So, you are an actor. But your self-esteem has plummeted, and you realize the only way you can be at all satisfied with yourself is by winning the approval of Hollywood’s most elite members. If you win an Oscar, surely you will be happy. I mean, what could be more important than that small little trophy that says definitively: you are the best artist.
Except one problem: being the best artist doesn’t seem to be working. Shockingly, doing good work and being true to yourself as an artist has gotten you no closer to a trophy. Congrats, you have come to the right place. In this step by step, definitive guide to winning an Oscar, we outline the main things you need to do right now to stand on a stage with a bunch of rich, powerful elites applauding you. Your work may speak truth to power, but isn’t it nice when power speaks to you and tells you how great you are?
Follow this simple to use, easy to follow guide and I have no doubt you will be winning an Academy Award in no time!
Step 1: Follow a Set of Criteria when Choosing Your Role
Forget about choosing work you personally connect with. Forget about subtlety. There are a couple of main things that are guaranteed to get you attention with Oscar voters. Make sure your role hits one of these categories:
Real life historical figure: Yes, people love impressions. Academy voters love to go “oh, look that guy is doing the same thing that that other guy did” and then throw awards at them. Do an impression.
Characters with huge weight shifts: Hollywood can’t get enough of people going through huge weight gains or losses. The cool part about it is your work is done once you achieve this transformation. It doesn’t matter how good you are at “acting” because you have already won an Oscar. Those expensive trainers paid by the studio will be very proud.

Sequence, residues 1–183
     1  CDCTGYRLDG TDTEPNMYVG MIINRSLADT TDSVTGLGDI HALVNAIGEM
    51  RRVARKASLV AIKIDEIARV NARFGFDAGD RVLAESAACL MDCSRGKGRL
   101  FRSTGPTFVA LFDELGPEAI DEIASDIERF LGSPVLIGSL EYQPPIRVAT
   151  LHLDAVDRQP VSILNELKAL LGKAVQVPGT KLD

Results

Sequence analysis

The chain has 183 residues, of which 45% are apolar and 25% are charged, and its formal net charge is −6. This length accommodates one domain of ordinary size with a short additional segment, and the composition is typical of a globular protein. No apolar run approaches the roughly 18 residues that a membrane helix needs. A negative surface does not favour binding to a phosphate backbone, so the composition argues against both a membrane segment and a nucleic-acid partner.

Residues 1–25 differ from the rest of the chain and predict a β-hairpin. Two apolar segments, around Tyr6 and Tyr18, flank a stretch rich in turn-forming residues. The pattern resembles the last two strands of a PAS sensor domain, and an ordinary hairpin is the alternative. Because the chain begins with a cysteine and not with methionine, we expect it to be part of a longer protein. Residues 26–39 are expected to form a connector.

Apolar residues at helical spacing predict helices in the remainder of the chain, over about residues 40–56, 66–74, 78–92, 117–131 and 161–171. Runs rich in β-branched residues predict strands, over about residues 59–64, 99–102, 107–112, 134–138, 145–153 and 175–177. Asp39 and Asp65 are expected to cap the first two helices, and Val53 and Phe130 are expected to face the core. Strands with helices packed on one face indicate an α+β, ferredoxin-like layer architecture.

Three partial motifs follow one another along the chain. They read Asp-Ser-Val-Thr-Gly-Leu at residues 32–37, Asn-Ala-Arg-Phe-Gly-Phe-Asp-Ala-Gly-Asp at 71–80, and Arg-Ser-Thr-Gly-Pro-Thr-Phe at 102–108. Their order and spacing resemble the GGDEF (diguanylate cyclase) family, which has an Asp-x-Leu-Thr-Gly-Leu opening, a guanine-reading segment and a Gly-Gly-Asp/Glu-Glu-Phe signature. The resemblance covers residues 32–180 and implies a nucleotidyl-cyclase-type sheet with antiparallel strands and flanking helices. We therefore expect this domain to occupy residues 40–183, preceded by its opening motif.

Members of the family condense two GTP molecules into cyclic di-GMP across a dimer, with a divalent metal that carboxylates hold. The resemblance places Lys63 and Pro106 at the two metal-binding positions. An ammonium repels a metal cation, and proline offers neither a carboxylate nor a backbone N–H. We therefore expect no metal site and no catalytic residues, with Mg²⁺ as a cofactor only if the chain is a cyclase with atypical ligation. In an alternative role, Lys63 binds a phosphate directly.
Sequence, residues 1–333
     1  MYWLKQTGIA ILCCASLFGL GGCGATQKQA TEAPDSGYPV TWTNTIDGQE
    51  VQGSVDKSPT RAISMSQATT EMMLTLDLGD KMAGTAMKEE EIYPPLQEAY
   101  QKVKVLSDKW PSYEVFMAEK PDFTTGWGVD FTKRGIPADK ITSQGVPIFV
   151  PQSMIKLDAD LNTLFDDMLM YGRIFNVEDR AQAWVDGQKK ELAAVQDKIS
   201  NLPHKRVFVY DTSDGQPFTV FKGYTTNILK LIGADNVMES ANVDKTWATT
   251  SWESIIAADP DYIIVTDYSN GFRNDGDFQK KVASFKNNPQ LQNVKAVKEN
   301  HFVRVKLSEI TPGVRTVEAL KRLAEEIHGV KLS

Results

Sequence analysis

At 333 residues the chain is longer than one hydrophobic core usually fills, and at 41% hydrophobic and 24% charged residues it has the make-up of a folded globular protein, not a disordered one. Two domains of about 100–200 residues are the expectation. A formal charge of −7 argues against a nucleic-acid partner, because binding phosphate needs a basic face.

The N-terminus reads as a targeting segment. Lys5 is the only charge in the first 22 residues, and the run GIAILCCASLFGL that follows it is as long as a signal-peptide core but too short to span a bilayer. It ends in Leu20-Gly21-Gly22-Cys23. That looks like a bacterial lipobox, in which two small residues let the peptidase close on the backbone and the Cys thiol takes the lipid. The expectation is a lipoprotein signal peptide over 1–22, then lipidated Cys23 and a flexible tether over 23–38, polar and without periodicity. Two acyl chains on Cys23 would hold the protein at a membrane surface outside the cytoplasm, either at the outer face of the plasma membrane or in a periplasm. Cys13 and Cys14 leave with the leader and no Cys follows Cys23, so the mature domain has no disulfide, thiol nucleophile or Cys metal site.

Gritty period piece characters: Weep a lot, wear crazy costumes, and brood by the fireplace. An Oscar has never come so easily.
Characters with identities you don’t share: Hollywood loves stories about non-heterosexual couples. But Hollywood also loves when those couples are played by exclusively heterosexual actors.
Step 2: Make Your Acting Feel Effort-ful
Gone are the days when acting should be effortless. People want to see all the effort you have put in. So, make sure to constantly tell them. Don’t let the work speak for itself. Don’t let your process go unnoticed. Tell them about how many hours you had to spend in the gym or eating. If that doesn’t work, mention that you went “method” and never broke character. Better yet, show how hard you are working while on screen. Scream, over-the-top cry, whatever you got.
Step 3: Nail Your Timing
Academy voters are fickle people. In the summer, they seem to be too busy going out and lounging on the beach to be bothered watching films. In December, they must be drunk on Peppermint Schnapps to get through anything. Fall is when you want to release. For some reason, this is the only time Academy members watch movies.
Step 4: Engage in Some Light Bribery
I’m not saying blackmail or anything. There are a few ways to go about this that seem to be acceptable given current Hollywood standards. For instance, maybe you need to generate Oscar buzz with a Golden Globe nomination. Well, go ahead and get your studio to fly the entire HFPA to Paris and you might just find “Emily in Paris” scoring a nod. See, it doesn’t even have to be that subtle!
How did “Shakespeare in Love” beat “Saving Private Ryan?” Miramax’s $15 million campaigning bill might have some of the answers.
Step 5: Appease the Powers that Be
It’s important to tow a really tight line in the content you make. One the one hand, it should feel like your film is saying something important, so voters feel like they are part of the change. But don’t go too far to make them uncomfortable. If you want to make a film about racism in America, take a page out of the “Green Book” and pretend you have solved racism.
Step 6: Maybe Just Forget It?
This is starting to seem like a lot of work, and very little of it has to do with artistic merit. Maybe, just accept that the award is only as good as the people and the process picking the award and that art can exist in the absence of a trophy. Or throw yourself into a never-ending battle of self-worth. To each their own.